I can remember sitting in front of our small black and white TV with my dad at some of the oddest hours of the day or night, watching "professional" wrestling. Even as a 10 year old kid, I did not believe what I was seeing.
Some huge guy was getting hit over the head with a piece of furniture and didn't even bleed, let alone get killed. He jumped back up to his feet and lifted a 500 pound monster-man named Haystacks Calhoun, and slammed him head first into the mat to win the match with a quick count to three.
I would look at my dad each time a similar (and classic) "wrestling match" was repeated, perhaps with different men. Some were the "good guys", some were the "bad guys", and if you couldn't tell just by looking at them, the crowds in the arena would let you know which was which just by their jeering or cheering. My dad would just smile, wink and say; "yep, that is the real thing".
Who was I to question my dad.
The True Value Of The WWE
These days (as it has been since 1952), World Wrestling Entertainment, Inc. (NYSE:WWE) has a strong hold on this business and while there are several direct and indirect competitors such as TNA Wrestling (Total Nonstop Action Wrestling), WWE is the "name brand" in the entertainment wresting world. It has been a public company since 1999, but is nearly 70% controlled by the original founders of the business, the McMahon family.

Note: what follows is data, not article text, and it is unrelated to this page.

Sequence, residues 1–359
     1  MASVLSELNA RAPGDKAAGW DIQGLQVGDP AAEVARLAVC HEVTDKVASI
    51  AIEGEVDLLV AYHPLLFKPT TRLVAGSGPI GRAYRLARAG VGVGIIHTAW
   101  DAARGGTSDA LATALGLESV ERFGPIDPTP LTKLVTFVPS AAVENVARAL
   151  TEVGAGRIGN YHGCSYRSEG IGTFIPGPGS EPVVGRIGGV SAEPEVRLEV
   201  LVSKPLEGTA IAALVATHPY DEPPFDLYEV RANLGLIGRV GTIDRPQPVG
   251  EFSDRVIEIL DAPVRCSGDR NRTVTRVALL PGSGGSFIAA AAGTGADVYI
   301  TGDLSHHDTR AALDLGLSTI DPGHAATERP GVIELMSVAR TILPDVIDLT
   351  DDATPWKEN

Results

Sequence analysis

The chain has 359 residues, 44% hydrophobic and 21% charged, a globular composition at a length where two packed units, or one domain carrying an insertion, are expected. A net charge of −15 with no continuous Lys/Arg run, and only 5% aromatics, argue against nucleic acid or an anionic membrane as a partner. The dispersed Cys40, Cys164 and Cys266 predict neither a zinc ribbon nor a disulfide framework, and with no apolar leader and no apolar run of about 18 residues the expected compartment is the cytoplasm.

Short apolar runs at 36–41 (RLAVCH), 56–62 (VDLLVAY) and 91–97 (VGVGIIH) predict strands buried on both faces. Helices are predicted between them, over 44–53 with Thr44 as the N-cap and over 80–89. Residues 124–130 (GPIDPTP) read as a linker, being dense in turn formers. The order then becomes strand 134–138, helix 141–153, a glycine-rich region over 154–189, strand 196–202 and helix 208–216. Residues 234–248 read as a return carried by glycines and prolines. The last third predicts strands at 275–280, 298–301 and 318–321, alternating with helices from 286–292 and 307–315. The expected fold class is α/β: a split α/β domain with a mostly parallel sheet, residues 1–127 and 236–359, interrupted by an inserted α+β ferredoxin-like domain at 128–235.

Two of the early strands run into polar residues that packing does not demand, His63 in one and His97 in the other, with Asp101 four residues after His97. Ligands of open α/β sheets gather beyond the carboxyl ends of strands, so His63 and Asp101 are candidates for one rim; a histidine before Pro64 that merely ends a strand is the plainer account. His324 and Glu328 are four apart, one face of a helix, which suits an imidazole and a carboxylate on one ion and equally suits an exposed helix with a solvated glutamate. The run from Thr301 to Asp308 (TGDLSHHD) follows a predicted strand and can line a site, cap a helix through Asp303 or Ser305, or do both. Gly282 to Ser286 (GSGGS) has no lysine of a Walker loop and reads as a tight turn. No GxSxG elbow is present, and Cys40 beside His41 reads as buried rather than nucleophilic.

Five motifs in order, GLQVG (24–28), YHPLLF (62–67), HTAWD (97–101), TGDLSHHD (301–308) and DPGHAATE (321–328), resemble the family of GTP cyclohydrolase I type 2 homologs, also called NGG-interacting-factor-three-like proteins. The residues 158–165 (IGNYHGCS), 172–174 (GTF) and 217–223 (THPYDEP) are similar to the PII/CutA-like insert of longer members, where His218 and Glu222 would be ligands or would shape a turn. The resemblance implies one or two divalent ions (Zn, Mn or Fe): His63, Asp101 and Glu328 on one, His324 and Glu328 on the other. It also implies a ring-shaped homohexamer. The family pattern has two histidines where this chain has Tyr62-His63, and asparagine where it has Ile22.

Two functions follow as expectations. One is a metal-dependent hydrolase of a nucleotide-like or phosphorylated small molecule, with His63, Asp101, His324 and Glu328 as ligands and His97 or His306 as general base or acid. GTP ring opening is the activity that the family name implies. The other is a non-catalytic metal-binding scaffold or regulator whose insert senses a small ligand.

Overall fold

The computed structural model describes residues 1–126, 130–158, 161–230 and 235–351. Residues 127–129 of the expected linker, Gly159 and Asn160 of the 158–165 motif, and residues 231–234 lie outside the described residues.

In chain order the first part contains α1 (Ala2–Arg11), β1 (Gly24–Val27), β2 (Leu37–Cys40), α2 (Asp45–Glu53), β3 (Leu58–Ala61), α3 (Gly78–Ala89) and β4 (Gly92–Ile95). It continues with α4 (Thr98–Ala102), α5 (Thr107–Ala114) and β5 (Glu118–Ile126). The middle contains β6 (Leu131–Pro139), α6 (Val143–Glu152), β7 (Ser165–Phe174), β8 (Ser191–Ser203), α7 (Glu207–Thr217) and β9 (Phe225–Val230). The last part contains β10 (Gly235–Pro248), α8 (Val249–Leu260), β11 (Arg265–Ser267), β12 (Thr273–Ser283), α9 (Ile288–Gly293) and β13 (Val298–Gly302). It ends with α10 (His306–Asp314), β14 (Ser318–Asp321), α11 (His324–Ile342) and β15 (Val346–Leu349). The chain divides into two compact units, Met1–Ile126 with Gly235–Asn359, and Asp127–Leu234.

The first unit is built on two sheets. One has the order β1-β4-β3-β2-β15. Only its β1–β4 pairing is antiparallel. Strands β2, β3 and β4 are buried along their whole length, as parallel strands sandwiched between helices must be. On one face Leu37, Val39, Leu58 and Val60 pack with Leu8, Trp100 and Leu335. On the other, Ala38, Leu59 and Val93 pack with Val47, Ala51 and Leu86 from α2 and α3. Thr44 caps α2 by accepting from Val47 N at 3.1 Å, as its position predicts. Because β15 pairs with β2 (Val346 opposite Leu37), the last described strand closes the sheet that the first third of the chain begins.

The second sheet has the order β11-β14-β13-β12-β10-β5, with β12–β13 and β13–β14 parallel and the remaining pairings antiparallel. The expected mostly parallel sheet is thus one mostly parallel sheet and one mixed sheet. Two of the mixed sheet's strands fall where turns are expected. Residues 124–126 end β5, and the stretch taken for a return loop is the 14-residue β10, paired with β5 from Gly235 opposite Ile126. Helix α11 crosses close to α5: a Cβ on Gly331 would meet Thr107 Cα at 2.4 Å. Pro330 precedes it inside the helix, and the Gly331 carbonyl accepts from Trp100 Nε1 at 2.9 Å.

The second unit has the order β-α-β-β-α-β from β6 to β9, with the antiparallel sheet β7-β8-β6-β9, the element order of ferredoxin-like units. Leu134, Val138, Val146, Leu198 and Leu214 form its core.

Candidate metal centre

I am not going to debate whether the "sport" is real or not. In the eyes of the fanatical fans it most assuredly is. I will debate that the business itself is VERY real, when it comes to actual money. There are plenty of analysts and investors smarter than me that would run, not walk, away from this stock as a money making opportunity. By first glance, I might even agree.
This historical chart shows how earnings have cratered (again), revenues are just about as flat as usual, and the enterprise value has dropped from about $1.5 billion to $800 million as of the most recent annual report.
While the growth of the company is uncertain at best, the true value of the company is hidden behind the basic fundamentals shown here. Keep in mind that not only does the McMahon family hold nearly 60% of the economic interests in the company (as noted above), but the family also holds 80% of all voting rights.
As noted in this industry article as well as the following SEC filings:
WWE filed a document with the SEC on Wednesday disclosing that WWE CEO Vince McMahon converted 450,000 shares of Class B McMahon Family Stock into 450,000 shares of Class A Common Stock.
McMahon now owns more than 39 million shares (56.9 percent) of Class A Common Stock. Also, McMahon owns 87.2 percent of Class B McMahon Family Stock.
The result is that McMahon owns "approximately 81.8 percent of the Company's total voting power," according to WWE's disclosure.